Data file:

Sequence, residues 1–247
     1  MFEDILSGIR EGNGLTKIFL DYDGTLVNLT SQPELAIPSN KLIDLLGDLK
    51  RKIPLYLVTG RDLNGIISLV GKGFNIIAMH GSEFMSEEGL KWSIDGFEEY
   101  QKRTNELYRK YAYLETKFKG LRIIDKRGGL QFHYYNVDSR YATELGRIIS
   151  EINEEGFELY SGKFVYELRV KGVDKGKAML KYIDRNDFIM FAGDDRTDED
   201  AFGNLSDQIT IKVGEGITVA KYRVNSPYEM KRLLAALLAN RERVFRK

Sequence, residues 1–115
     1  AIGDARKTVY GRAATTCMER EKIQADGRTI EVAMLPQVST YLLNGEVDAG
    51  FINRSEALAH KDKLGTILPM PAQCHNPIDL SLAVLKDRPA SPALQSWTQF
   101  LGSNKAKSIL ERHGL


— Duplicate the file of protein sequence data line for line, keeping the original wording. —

Sequence, residues 1–247
     1  MFEDILSGIR EGNGLTKIFL DYDGTLVNLT SQPELAIPSN KLIDLLGDLK
    51  RKIPLYLVTG RDLNGIISLV GKGFNIIAMH GSEFMSEEGL KWSIDGFEEY
   101  QKRTNELYRK YAYLETKFKG LRIIDKRGGL QFHYYNVDSR YATELGRIIS
   151  EINEEGFELY SGKFVYELRV KGVDKGKAML KYIDRNDFIM FAGDDRTDED
   201  AFGNLSDQIT IKVGEGITVA KYRVNSPYEM KRLLAALLAN RERVFRK

Sequence, residues 1–115
     1  AIGDARKTVY GRAATTCMER EKIQADGRTI EVAMLPQVST YLLNGEVDAG
    51  FINRSEALAH KDKLGTILPM PAQCHNPIDL SLAVLKDRPA SPALQSWTQF
   101  LGSNKAKSIL ERHGL